Which makes it all the more perplexing that Fort Larned, last year’s winner of the Breeders’ Cup Classic, will forego the $1 million Jockey Club Gold Cup for an inaugural stakes race at Churchill Downs, the Homecoming Classic. What’s next? The Prom?
A solid chunk of Horse of the Year candidates will spar in the JCGC, namely Orb, Palace Malice, Cross Traffic and Flat Out. If they put together a win at Belmont and a win in the Breeders’ Cup Classic, they’ll be on the short list. But when Fort Larned faces six—including Golden Ticket, last year’s co-winner of the Travers Stakes—going nine furlongs in an ungraded stake he took himself completely out of consideration even if he wins his next two races.
"Our goal is to try and win the Breeders’ Cup Classic again,” Ian Wilkes said, Fort Larned’s trainer “We want to do what we feel is right for the horse. We keep him here and run him a mile and an eighth. He’s on his track with a one-race ship. Otherwise I’m going to ship to Belmont and ship back again. It just fit into our plans to run him here. If we didn’t have the September Meet and didn’t have this race, we would have gone to the Jockey Club.”
Fort Larned was an impressive winner of the Grade 1 Stephen Foster back in June on his home track of Churchill Downs, his only win of the year. The horse did recently have one of those workouts that had Wilkes say, “He came off the track with authority. He walked off the track like he owned the place. That’s what I liked about it – he’s got that air of confidence about him.”
Still, that’s all the more reason to put him on a van to run for more money and to position him to win the Holy Grail of Eclipse Awards. Trainers don’t often get a chance to train a Horse of the Year candidate. For his troves of Grade 1s and trainer titles across the land, Todd Pletcher has never had a horse win Horse of the Year. So when you have your shot, you take your shot.
Running at Churchill Downs may be nice for a little cache for its “Downs After Dark” (which just sounds like an awful sequel to Johnny Knoxville’s “The Ringer”) program. So what? Fort Larned will run against six out-classed horses who likely won’t be running in anything short of the Clark Handicap by the end of the year. Just hand the older division to Game On Dude now.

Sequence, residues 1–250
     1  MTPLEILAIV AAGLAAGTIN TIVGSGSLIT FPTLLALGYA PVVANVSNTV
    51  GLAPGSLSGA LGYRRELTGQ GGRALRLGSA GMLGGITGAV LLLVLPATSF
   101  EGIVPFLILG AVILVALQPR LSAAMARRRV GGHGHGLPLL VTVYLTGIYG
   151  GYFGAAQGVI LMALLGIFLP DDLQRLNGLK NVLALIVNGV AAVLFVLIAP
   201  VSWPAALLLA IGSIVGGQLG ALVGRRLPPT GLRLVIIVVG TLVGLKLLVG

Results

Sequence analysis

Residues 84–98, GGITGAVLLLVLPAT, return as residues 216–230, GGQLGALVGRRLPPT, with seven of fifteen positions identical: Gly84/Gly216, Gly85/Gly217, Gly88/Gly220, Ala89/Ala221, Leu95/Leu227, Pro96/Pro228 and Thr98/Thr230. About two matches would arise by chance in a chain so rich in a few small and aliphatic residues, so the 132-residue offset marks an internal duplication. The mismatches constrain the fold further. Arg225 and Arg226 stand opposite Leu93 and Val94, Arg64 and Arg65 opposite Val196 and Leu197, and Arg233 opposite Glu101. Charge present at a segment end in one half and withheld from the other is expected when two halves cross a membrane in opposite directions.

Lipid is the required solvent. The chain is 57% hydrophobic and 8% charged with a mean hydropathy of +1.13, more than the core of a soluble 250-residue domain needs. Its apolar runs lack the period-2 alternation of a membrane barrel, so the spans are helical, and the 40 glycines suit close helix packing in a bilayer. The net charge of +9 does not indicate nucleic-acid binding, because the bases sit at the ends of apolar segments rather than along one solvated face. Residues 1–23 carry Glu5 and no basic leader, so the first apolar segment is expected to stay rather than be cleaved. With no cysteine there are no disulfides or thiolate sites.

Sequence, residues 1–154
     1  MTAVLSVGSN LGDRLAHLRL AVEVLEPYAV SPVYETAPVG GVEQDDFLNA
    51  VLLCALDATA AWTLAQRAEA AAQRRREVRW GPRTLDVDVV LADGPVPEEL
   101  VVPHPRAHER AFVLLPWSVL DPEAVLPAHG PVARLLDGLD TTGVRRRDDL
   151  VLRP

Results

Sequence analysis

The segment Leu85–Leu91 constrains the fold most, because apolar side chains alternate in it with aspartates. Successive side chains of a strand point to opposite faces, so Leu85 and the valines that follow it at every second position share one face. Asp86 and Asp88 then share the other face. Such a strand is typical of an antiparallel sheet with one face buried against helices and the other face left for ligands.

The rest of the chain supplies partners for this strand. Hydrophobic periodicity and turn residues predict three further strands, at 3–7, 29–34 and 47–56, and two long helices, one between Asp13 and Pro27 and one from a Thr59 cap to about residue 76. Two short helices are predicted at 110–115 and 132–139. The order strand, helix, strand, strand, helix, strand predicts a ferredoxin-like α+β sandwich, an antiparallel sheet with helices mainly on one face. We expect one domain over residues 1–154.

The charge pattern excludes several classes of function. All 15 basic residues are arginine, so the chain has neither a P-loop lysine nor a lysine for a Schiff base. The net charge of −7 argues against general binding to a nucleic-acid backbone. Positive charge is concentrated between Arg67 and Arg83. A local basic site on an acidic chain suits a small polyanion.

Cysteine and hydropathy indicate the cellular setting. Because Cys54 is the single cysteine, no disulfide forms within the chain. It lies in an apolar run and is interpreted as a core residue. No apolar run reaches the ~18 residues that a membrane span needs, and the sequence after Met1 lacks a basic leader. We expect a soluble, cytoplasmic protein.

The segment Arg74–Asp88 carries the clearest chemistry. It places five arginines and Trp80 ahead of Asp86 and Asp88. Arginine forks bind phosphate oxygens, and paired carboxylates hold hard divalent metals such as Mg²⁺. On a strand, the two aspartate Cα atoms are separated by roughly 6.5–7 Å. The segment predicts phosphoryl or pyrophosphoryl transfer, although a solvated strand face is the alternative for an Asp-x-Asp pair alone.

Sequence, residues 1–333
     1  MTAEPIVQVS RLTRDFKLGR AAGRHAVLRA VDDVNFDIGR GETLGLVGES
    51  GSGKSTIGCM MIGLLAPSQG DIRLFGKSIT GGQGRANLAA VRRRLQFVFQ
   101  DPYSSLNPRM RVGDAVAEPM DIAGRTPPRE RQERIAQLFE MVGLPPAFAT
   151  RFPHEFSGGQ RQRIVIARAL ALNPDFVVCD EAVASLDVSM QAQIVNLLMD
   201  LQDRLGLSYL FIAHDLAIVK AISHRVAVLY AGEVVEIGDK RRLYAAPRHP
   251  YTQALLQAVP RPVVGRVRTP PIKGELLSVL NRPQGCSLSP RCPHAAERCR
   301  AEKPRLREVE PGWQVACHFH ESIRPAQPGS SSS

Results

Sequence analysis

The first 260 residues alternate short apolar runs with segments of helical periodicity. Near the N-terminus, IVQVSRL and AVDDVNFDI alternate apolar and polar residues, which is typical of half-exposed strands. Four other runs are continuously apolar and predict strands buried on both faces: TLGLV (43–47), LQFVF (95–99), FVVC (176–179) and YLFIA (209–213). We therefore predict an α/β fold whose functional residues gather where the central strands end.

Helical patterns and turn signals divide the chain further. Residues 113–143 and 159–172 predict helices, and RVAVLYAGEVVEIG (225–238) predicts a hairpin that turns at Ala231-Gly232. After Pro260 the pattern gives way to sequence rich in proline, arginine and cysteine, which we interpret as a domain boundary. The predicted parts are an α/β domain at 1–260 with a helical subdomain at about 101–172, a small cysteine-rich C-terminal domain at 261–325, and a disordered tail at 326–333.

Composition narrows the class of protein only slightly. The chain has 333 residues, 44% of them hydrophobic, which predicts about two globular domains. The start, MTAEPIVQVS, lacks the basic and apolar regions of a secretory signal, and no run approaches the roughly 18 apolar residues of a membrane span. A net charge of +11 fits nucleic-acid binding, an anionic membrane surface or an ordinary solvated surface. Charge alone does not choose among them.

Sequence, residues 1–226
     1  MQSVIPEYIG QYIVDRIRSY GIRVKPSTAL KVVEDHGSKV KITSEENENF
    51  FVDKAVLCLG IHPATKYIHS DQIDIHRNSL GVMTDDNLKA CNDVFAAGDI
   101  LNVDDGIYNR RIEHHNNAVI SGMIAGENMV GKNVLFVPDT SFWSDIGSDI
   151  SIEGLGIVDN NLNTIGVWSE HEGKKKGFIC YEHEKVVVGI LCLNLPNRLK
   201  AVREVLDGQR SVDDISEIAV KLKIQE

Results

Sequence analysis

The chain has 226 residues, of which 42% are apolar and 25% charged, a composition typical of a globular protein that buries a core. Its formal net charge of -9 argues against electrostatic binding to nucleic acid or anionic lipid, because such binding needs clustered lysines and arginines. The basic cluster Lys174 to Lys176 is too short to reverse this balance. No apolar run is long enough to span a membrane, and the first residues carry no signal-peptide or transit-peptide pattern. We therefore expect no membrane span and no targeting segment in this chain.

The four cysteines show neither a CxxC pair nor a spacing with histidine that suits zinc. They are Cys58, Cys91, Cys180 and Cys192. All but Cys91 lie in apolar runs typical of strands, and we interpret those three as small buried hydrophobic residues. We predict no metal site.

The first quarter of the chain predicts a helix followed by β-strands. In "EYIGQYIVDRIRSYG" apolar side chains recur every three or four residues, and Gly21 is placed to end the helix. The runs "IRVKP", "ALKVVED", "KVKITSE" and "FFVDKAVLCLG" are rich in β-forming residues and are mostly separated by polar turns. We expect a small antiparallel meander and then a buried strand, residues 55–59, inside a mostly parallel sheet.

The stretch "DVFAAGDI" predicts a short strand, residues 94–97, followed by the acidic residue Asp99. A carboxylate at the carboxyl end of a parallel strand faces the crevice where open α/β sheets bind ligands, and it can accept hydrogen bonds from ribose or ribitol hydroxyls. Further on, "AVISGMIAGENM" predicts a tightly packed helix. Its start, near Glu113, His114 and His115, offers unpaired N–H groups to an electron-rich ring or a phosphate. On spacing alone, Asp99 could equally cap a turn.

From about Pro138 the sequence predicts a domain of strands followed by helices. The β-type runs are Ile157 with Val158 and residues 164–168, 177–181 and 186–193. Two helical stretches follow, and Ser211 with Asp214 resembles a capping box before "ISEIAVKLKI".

Wilkes appears to be making the travel plans easier on Fort Larned. To run at Belmont and then Santa Anita requires only two extra van rides: One to Belmont, one back from Belmont, then fly out to California. Keeping him home only requires the flight, but it’s pennywise and pound foolish. By keeping him home and easing his travel plans he will lose Horse of the Year no matter what happens in SoCal.
A year ago he prepped in the Jockey Club Gold Cup and finished third. He then went on to win the Breeders’ Cup Classic. The formula worked a year ago, though he did get beat out by a grass miler for Horse of the Year. Such is life.
This year has been fluky for this son of E. Dubai. He won his first race at Gulfstream, though he lost his rider. Of course, it was a DNF, but it was proof for jockey haters that they are unnecessary to win a horse race. His next race was the Oaklawn Handicap where he finished fifth. Then he won the Stephen Foster, then finished fifth in the Whitney. This pattern sets up nicely for a win in his next start. That will happen, yes, but it will be in the wrong spot at the right time.
If he runs in the Gold Cup he’d be up against Cross Traffic on the front end and that could lead to a taxing pre-Breedres’ Cup race. Fort Larned would win that battle, but he may lose the war. Cross Traffic will hit a red light at the eighth pole.
The year 2013 didn’t start well for Fort Larned but two 10-furlong Grade 1-wins at the end of the year may have been enough to sway the voters in his direction. Memory is short. Instead, he’s running for less money and less honor. This is like prepping for the Derby at Ellis Park. What the heck is going on here?